BRADENTON BEACH – The Charter Review Committee (CRC) reached consensus on several items during its Monday, July 9 meeting.
Members Debra Cox, Anne Leister, Dan Morhaus and Randy Milton support a potential charter amendment that would create two City Commission wards.
Cox and Morhaus participated in Monday’s meeting by phone.
If placed on the ballot by the City Commission and approved by city voters, this amendment would create a two-ward system with two commissioners being elected from a north ward by north ward voters only, two commissioners being elected from a south ward by south ward voters only and an at-large mayor elected citywide. The exact ward boundaries would need to be clarified, but the Cortez Bridge has been mentioned as a possible dividing line.
The four geographically based commission wards established in the 1950s were eliminated by city voters last year in support of a charter amendment proposed by the Concerned Neighbors of Bradenton Committee (CNOBB) group. In that system, candidates were ward-specific, but all city voters were allowed to vote in all commission races.
As they did during their two previous meetings, Cox, Leister and Milton first expressed support for a return to the four-ward system, but they compromised on the proposed two-ward system after debating whether the two wards would allow for citywide voting or ward-specific voting.
Chair Mary Bell opposed returning to a ward system due to her ongoing concerns about Bradenton Beach’s shrinking population and the increased difficulty in finding commission candidates.
Morhaus said he saw no point in returning to a four-ward system or creating a two-ward system in which voters from one ward would help determine the winners in another ward. He said limiting the votes to the ward-specific residents would create parochial representation if that was the intent.
Cox and Leister said they like the wards because it helps preserve that Old Florida and neighborhood feel. Milton said he likes having a representative that he knows and that knows his neighborhood.
If the City Commission places the two-ward charter amendment question on the fall ballot, city voters will determine whether wards are restored in a modified form.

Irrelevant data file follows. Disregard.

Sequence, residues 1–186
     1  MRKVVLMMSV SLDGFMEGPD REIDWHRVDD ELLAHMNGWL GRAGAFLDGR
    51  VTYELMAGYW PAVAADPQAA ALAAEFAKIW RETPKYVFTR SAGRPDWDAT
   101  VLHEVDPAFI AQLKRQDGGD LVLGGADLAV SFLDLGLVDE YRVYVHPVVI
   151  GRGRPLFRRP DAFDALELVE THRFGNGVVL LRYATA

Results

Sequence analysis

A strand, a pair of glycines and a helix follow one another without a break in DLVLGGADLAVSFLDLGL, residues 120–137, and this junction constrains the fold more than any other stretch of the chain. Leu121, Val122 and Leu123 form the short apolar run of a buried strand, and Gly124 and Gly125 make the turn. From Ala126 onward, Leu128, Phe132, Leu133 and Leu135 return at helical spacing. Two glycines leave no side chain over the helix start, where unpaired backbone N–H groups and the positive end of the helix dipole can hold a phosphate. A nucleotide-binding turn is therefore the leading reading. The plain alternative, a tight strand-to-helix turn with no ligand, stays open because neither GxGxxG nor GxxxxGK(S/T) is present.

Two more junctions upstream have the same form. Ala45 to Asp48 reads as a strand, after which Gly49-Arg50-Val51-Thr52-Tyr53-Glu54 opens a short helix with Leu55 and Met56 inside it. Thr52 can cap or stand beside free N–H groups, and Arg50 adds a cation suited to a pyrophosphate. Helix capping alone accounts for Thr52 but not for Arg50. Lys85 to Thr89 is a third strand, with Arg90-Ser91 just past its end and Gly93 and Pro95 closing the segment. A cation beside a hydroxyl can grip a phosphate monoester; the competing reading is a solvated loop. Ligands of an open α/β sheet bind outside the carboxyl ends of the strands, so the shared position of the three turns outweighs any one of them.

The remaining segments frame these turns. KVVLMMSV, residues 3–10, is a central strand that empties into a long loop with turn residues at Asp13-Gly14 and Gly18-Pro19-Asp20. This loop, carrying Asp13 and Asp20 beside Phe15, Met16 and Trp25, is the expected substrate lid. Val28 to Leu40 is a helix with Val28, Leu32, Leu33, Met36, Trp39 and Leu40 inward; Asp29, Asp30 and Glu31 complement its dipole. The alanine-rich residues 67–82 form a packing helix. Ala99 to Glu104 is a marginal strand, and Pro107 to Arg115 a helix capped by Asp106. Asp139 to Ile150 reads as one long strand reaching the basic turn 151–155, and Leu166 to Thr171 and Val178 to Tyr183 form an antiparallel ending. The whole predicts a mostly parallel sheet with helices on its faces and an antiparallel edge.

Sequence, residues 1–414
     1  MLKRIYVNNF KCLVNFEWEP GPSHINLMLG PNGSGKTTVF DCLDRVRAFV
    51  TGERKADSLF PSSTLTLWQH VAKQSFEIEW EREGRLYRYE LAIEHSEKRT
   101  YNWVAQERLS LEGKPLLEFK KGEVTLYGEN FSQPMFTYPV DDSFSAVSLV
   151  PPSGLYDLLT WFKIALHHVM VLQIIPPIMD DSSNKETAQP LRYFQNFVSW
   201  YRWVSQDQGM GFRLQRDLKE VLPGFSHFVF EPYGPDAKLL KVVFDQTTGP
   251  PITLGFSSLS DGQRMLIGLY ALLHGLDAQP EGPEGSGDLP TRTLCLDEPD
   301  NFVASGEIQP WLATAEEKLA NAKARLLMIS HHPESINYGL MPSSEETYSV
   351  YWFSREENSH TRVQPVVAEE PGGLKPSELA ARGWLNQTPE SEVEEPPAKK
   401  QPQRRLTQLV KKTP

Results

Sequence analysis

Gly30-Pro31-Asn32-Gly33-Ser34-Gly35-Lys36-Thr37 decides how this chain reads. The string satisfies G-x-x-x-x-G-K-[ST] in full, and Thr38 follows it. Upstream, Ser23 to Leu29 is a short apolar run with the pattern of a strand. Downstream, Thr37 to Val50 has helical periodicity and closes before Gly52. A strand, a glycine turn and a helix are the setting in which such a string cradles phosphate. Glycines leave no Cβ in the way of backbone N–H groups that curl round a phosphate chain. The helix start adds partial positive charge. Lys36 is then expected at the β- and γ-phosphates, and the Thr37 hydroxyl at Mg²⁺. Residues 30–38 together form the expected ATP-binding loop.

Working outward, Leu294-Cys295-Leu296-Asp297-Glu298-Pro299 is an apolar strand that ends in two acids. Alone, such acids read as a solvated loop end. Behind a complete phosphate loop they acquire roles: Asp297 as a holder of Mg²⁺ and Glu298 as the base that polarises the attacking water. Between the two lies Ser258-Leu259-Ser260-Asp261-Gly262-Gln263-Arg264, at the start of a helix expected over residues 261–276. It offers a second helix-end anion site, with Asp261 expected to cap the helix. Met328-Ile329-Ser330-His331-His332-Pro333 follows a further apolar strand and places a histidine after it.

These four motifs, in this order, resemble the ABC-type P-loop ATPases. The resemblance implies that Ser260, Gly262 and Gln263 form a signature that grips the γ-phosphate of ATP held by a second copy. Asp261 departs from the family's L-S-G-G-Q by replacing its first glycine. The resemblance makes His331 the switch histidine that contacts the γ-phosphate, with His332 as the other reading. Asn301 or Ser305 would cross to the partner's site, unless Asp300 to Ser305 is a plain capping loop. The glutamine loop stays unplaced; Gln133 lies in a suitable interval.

The committee members again unanimously opposed a charter amendment that would require the city to hire a full-time city manager as proposed by the Keep Our Residential Neighborhood (KORN) political action committee.
KORN treasurer John Metz questioned a statement Bell made at the previous meeting regarding a city manager costing an estimated $200,000 a year in salary and benefits. Metz estimated the total cost to be closer to $120,000 to $140,000, which he said is about what Police Chief Sam Speciale earns.
Morhaus said he didn’t see the benefit in hiring a city manager and Bell said the committee’s collective opposition was based more on the lack of an actual need for a manager than it was on dollars and cents.
The committee unanimously supports a citywide prohibition on multi-level parking garages, but upon the advice of the city attorney agreed that the city charter is not the right place to address those desires because state law no longer allows land use matters to be decided by voter referendum.
City Planner Alan Garrett told the members about the Planning and Zoning Board and City Commission’s efforts to adopt two city ordinances that would prohibit parking garages citywide by amending the comprehensive plan’s future land use map and the city’s land development code.
Metz noted ordinance changes could be undone by a future commission, whereas a charter amendment could only be reversed by city voters.
Commission candidate Tjet Martin suggested there at least be a requirement for a four-fifths supra-majority commission vote to undo ordinance-enacted parking garage prohibitions. Perry said the charter already requires a four-fifths commission vote to amend the comp plan.
The committee unanimously supports requiring City Commission candidates to be registered voters – a requirement city voters eliminated last fall when supporting a CNOBB amendment that also reduced candidate residency requirements from two years to one.
The committee supports the one-year residency requirement but also feels commission candidates should be registered city voters for at least one year before seeking office. Milton said CRC members are required to be city voters and the same should apply to commission members.
Regarding the City Commission’s request to better define residency, the committee recommends an amendment that would require commission candidates to prove their residency by providing at least three of following items that include a Bradenton Beach address: a county-issued voter registration card, a Florida driver license or state ID, a declaration of domicile that includes a residency date, a bank statement, a property tax bill, a long-term lease or a federal tax return.
The Charter Review Committee expects to meet once or twice more to conclude its work.